American political experts are of the opinion that the first government of the new Federal Republic of Germany will be a coalition of the right-wing parties. The Socialists, who have been the most vigorous and vocal in attacking everything from communism to the Occupation Powers, are expected to be the biggest single party in the parliament.

However the right-wing Christian Democrats, Christian Socialists, and Liberal Democrats are expected to team up against the Socialists. And then the horse-trading will begin as to what party will get the presidency and who will get the chancellorship.

The new federal diet is expected to hold its first session on September 5th or 6th.

In this current campaign, the Communist Party has been suspiciously quiet. Their opponents believe that Max Reimann, Western Germany's leading party leader, is holding his fire until the last moment. During the final days of the campaign, the Communists are said to have plans for a thousand rallies in Western Germany, but mostly they will concentrate on the industrial Ruhr area and in the big cities of Hamburg and Bremen.

One of the paradoxes of the present political situation in Germany is that on the major of issues of occupation, the right, left, and center are in agreement. All parties, including the Communists, want a unified Germany and blame East-West differences for the present split. All of them oppose occupation as a policy, although the anticommunist parties want the Western Powers to stick around as long as the Soviet Union is in Germany. All parties oppose the Ruhr statute, which gives the Western Powers international control of that area. And all parties, including the Communists, are bitterly attacking our dismantling program originally designed to destroy German war industry.

Thus, in backing the new Federal Republic of Germany, we are backing a state that will oppose our basic policies in this country. As I said, it is a paradoxical situation, but opposition is the paradox of democracy. And that is what we are betting on in the new Germany.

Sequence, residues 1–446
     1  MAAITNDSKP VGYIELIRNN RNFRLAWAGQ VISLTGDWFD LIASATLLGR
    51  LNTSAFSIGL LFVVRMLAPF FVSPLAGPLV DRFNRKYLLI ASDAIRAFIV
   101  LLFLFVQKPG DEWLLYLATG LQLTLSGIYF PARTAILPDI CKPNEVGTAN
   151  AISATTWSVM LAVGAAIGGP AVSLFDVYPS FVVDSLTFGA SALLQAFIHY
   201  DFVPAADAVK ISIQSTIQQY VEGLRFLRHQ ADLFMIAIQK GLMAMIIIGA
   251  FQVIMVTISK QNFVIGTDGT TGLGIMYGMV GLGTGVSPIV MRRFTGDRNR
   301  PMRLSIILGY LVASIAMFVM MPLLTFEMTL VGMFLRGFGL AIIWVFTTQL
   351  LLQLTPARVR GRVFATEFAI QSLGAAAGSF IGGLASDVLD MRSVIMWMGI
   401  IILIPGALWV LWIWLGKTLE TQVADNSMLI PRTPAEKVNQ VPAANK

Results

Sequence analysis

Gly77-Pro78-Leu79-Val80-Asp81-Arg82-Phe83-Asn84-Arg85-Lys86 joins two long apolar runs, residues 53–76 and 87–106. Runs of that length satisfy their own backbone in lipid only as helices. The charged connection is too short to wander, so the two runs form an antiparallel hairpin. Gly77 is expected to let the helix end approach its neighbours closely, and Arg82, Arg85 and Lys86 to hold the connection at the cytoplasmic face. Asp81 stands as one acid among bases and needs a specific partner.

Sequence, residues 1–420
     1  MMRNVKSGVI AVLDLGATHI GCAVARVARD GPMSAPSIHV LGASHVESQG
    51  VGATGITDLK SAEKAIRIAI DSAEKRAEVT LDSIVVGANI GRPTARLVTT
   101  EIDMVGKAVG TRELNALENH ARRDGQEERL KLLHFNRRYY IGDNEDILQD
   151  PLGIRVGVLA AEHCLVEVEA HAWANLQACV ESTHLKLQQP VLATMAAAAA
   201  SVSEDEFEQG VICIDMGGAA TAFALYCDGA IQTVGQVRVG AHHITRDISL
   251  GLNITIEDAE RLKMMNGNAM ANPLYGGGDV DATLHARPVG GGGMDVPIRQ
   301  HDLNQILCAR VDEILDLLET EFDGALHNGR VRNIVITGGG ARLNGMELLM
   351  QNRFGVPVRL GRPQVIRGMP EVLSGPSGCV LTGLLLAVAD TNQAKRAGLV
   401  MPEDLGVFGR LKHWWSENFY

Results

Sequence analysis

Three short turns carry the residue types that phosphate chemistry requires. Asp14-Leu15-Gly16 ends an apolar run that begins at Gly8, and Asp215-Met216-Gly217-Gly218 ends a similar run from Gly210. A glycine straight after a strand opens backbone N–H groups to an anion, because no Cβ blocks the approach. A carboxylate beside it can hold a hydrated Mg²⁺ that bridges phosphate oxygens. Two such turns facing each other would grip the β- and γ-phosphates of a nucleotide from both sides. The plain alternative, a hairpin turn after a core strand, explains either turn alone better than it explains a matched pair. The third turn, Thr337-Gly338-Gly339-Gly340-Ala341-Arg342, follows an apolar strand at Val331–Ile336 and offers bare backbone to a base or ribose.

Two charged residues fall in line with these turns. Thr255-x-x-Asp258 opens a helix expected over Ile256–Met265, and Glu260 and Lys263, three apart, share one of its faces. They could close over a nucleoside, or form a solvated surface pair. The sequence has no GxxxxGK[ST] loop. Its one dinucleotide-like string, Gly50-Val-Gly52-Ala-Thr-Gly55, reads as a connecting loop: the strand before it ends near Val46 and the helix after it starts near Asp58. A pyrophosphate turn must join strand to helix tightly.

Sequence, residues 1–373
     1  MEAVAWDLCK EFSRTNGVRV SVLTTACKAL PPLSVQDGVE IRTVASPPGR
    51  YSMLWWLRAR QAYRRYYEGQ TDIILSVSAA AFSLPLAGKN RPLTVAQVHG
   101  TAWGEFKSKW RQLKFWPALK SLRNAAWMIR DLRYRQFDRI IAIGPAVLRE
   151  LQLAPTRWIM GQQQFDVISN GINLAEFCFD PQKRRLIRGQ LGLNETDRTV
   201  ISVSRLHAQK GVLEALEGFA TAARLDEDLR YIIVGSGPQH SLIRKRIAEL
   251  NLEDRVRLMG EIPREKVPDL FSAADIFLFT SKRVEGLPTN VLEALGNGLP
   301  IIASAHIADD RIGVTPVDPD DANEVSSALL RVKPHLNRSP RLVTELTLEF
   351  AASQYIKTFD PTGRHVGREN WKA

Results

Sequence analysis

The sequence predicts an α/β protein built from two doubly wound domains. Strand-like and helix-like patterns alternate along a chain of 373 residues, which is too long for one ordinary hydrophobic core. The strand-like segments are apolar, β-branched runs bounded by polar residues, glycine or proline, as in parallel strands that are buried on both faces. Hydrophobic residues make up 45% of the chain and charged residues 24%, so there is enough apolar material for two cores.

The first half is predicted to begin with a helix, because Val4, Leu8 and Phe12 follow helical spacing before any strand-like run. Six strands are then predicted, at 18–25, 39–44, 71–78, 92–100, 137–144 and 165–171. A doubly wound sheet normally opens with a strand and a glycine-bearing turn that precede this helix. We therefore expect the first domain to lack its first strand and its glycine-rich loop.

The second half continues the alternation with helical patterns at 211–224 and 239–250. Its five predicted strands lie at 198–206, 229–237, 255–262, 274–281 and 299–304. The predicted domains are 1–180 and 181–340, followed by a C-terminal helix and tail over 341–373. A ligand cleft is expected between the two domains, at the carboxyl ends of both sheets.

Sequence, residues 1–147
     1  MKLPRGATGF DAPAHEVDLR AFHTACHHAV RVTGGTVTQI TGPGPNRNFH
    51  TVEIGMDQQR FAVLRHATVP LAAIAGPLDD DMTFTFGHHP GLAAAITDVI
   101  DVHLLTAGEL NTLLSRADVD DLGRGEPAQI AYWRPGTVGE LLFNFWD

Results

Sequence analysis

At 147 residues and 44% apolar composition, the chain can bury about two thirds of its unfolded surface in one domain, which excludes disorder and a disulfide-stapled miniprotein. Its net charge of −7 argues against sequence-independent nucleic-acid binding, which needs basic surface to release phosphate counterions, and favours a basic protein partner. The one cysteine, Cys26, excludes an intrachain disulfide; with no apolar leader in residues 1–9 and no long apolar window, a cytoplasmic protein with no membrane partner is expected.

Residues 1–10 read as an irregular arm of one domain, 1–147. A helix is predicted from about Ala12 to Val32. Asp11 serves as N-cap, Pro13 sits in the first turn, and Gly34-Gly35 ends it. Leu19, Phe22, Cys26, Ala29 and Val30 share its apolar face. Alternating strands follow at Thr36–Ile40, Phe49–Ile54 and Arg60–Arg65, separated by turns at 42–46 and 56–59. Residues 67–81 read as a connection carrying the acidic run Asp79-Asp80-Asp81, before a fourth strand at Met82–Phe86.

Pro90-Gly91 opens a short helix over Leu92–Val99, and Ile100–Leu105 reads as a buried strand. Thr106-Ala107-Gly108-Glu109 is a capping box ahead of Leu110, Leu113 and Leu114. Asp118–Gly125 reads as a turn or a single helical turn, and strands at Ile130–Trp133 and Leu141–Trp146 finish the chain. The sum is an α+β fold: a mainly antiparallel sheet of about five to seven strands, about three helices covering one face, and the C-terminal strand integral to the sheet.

It is too early to say whether or not the government now emerging in Western Germany will be democratic. It is now democratic in form, but this form of government depends more on the spirit than the mechanics of operation.

The unanimous opposition to Western occupation policies from all segments of West German political parties is ample evidence of the intense nationalism existing in the Germans.

The nervousness over Berlin and the possibility that the Democracies might abandon her is evidence of German distrust of American, British, and French motives. The differences of the policies of the conquerors also has made the German a political cynic.

In the final analysis, it is not going to be America, Britain, or France which will decide the fate of the Federal Republic of Germany. It will be the German himself—the man who goes to the polls.

The elections next month are by way of being the first lesson of a great educational campaign in democracy. The ordinary Germany must be convinced that his vote has meaning and importance.

And part of this faith that he must learn must come from the Democracies.

The stand of the Western Powers in Berlin is a prime example of the kind of political morality that convinces the German that democracy can stand up against the totalitarian pressure that enmeshed him under Nazism and threatens him now under communism. The Western Powers must not erase the lesson of the airlift nor let its spirit die.

This is Bill Downs in Berlin. Now back to CBS in New York.